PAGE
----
After its Bitcoin ETF was denied, investment firm Wilshire Phoenix has now filed to launch a new Bitcoin Commodity Trust (BCT) similar to the Grayscale Bitcoin Trust, an S-1 registration statement revealed on 12 June.

According to the Securities and Exchange Commission (SEC) filing, the firm’s new BCT will have its shares available for public trading, with each share backed by Bitcoin. Similar to other publicly-traded securities, the trust’s shares will be available for buying and selling throughout the day, with their price being calculated at 4:00 p.m. Eastern each business day.

The registration reads:


“The Shares will provide investors with exposure to bitcoin in a manner that is accessible and cost-efficient without the uncertain and often complex requirements relating to acquiring or holding bitcoin.”

Though the asset manager had a well known relationship with Coinbase, Wilshire chose to entrsut the fund’s underlying Bitcoin to Fidelity Digital Asset Services, who will serve as the firm’s Bitcoin custodian. Other large financial institutions named in the filing were Broadridge Financial Solutions and UMB Bank, which will serve as the cash custodian. The cash holdings will have FDIC insurance, while the Bitcoin will be insured against theft in excess of $100 million.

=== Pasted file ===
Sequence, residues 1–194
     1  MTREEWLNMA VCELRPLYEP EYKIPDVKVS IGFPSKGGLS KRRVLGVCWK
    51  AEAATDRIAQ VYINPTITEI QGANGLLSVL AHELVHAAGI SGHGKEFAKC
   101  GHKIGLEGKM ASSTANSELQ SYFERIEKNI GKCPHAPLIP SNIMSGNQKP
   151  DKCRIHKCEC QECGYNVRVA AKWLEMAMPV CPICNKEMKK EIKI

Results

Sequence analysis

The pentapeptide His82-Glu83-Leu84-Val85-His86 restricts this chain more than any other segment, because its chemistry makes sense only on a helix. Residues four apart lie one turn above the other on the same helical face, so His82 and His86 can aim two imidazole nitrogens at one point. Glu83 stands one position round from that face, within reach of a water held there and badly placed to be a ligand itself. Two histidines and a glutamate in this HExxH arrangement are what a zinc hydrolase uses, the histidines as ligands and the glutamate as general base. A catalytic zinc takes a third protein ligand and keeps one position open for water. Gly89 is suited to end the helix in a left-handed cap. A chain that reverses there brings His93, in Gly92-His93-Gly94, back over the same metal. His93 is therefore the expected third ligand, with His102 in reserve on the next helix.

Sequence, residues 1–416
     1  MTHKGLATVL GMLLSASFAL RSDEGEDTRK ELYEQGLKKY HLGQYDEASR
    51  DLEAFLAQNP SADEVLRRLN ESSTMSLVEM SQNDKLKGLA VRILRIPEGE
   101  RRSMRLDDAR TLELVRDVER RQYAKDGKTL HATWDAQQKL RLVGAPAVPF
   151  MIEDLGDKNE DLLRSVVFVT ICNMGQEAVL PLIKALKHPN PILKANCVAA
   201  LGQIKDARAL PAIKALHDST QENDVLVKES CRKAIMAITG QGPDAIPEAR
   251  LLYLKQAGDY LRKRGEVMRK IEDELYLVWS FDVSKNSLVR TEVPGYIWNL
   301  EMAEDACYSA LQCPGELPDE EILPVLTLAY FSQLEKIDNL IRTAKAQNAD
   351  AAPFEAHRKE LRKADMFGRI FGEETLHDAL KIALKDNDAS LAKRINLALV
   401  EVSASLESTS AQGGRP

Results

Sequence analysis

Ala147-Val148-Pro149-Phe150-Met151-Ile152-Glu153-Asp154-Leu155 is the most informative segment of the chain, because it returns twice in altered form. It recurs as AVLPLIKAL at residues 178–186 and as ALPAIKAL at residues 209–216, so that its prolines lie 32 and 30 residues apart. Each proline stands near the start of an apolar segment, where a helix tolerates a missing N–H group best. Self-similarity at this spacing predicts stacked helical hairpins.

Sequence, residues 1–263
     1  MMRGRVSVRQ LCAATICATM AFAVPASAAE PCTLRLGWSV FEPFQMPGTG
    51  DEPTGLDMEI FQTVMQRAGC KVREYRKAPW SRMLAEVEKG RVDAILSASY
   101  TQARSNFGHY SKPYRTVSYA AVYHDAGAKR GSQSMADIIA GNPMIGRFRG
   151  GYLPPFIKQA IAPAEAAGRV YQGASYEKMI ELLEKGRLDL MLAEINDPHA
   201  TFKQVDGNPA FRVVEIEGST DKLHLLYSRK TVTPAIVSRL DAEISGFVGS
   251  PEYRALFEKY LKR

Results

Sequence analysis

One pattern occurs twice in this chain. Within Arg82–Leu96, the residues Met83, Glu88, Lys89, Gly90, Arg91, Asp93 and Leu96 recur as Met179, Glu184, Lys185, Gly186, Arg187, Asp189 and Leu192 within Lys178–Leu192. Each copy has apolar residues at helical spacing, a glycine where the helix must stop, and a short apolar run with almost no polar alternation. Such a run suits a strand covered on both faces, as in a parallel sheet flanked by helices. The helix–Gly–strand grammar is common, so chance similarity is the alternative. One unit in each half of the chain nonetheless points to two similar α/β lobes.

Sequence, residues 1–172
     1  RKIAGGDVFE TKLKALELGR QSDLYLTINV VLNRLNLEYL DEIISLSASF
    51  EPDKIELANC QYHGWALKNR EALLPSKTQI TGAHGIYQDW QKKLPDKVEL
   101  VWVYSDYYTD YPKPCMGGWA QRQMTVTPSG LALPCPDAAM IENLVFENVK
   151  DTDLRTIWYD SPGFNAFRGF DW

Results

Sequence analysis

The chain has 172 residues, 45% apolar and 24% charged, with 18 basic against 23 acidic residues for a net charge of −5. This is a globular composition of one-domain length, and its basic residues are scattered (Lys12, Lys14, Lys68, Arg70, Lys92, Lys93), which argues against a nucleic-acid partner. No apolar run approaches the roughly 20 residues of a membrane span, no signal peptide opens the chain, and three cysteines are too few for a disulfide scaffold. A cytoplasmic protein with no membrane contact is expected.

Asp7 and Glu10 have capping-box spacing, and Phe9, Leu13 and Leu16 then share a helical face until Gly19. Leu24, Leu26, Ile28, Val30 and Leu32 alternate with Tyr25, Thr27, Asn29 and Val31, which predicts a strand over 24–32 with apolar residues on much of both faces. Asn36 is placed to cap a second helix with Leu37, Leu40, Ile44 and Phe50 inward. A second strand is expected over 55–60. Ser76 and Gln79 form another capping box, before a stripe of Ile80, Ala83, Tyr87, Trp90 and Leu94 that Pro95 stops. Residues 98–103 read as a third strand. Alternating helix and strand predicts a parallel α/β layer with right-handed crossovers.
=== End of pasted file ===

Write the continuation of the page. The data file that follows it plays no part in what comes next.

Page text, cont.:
Once the trust’s shares have been issued, they will enable the retail public with access to Bitcoin through its stock on the mainstream market. The value of the BTC in the trust will follow the price index listed by the Chicago Mercantile Exchange (CME), which tracks the price of the digital asset across multiple industry exchanges.

The fund may potentially start to compete with Grayscale’s Bitcoin Trust (GBTC), which was launched in 2013 and has a $3.6 billion Bitcoin holding. And while GBTC is known for its high premium, which include a 2% annual fee for custody, Wilshire’s trust has proposed a lower fee of 0.9%.

The filing reads:

“Except for transaction costs associated with the purchase and sale of bitcoin, the Trust’s primary recurring expense is expected to be the Sponsor’s fee which will be determined by applying an annual rate of 90 basis points (0.90%) to the Trust’s NAV (the ‘Sponsor’s Fee’).”

Wilshire Phoenix is well known in the crypto space for trying to launch a Bitcoin ETF n 2019, a filing on which the SEC delayed its decision until February 2020. Unfortunately, earlier this year the firm’s proposal was rejected by the regulator, who claimed the firm had not proven that the Bitcoin market was sufficiently resistant to market manipulation.